Sweden's Public Health Director Explains Why Lack of Lockdown Was a Success

The director general of the Public Health Agency of Sweden has said the lack of lockdown was a success because it meant messages to the public were clear and consistent, and placed emphasis on personal responsibility. This approach, he says, meant people understood the guidelines and personal actions they needed to take in order to help stop the spread of COVID-19.

Sweden's decision not to implement a nationwide lockdown to halt the spread of the coronavirus was seen as highly controversial when initially announced towards the start of the pandemic. Since then it has been widely debated whether this approach was successful or not. Death rates from coronavirus are far higher in Sweden compared with other Nordic countries. However, they are also lower than some other European countries that implemented strict lockdowns. It is thought the lack of a lockdown in Sweden helped protect its economy, compared with other countries that took more extreme measures.

"The purpose of our approach is for people themselves to understand the need to follow the recommendations and guidelines that exist," Johan Carlson, head of the Public Health Agency of Sweden, is quoted by Reuters as saying. "There are no other tricks before there are available medical measures, primarily vaccines. The Swedish population has taken this to heart."

Throughout the pandemic, experts have warned mixed public health messages have the potential to dampen efforts to reduce the spread of COVID-19. In the U.S., the polarization of the pandemic has led to confusion among the public on a wide variety of topics, including schools reopening and mask wearing. In the U.K. on Wednesday, the government changed its policy on how many people could meet up socially as a result of an uptick in cases—one of many changes that have been made since the outbreak began.

"Our strategy has been consistent and sustainable. We probably have a lower risk of spread here compared to other countries," Jonas Ludvigsson, professor of epidemiology at Sweden's Karolinska Institutet, told Reuters.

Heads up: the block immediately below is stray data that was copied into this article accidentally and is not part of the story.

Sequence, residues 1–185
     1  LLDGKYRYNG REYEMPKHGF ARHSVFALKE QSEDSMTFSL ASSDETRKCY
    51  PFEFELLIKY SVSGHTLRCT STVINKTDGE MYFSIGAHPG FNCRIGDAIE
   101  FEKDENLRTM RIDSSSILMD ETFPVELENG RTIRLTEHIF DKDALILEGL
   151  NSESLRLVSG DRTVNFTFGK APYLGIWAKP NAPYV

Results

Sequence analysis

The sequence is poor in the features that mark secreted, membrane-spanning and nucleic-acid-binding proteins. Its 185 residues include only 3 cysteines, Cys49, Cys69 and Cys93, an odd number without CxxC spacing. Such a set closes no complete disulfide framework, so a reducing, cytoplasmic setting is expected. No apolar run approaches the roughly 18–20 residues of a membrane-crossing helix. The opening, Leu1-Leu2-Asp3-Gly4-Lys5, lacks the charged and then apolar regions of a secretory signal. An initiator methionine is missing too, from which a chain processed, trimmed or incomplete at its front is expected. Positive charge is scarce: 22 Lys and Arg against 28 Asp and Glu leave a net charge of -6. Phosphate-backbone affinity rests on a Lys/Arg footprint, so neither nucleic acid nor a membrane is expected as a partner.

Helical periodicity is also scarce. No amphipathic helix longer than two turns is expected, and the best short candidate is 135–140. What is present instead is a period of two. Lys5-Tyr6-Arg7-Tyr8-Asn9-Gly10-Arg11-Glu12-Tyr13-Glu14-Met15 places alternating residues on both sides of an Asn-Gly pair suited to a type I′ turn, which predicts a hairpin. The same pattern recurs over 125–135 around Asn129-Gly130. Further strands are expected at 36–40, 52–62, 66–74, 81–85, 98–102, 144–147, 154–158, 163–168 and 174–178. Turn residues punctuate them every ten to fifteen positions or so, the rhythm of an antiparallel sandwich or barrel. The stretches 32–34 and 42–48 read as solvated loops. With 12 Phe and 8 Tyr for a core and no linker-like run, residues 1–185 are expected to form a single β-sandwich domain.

Susann Järhult, senior lecturer emergency medicine at Uppsala University Hospital, Sweden, returned to Sweden in June after having been in Australia under lockdown. She said that after arriving back, the international news coverage appeared out of sync with what was happening in Sweden.

"It soon became obvious that the 70+ population were self-isolating and/or taking high precautions," she told Newsweek in an email. "Others made efforts to adhere to given guidelines on a daily basis. Shops, restaurants, cafés, public transportation as well as other public places had made COVID adjustments."

Järhult said people were actively following daily updates and taking responsibility for minimizing the spread, such as limiting social contact and meeting with others at a safe distance. "Public awareness and responsibility was clearly visible—and audible—people of all ages and settings were engaged in discussions and thoughts on the chosen strategy. The possible number of non-clinical infections and immunity among the lower age-groups was debated. Pros as well as cons to the chosen strategy were transparently broadcasted in the media."

According to Reuters, on Tuesday Sweden's health agency announced its test positivity rate—the percentage of positive tests compared with tests taken—had fallen to 1.2 percent. This is the lowest it has been since the pandemic started.

Järhult said Sweden is now anticipating "some kind of" second wave, despite cases being low and testing having increased. She also said that at the start of the pandemic, it was impossible to know whether opting not to lockdown was the right course of action.

"In hindsight, for the Swedish population I believe the chosen strategy was the best choice considering the social, economic as well as mental health issues now to be addressed globally," she said.

Criticism of Sweden's strategy remains. Over 5,800 people have died from the disease in the country, with many saying this many deaths cannot be deemed a success.

However, Prime Minister Stefan Lofven last month defended the country's decisions. "The strategy that we adopted, I believe is right," he told the newspaper Dagens Nyheter. "What has been discussed most, and what we did differently in Sweden, was that we did not close schools. Now there are quite a few people who think we were right."

Johan Carlson
Johan Carlson, director general of the Public Health Agency of Sweden. Sweden's decision not to implement a lockdown to stop the spread of COVID-19 was viewed as controversial by many at the start of the pandemic. SOREN ANDERSSON/TT News Agency/AFP via Getty Images
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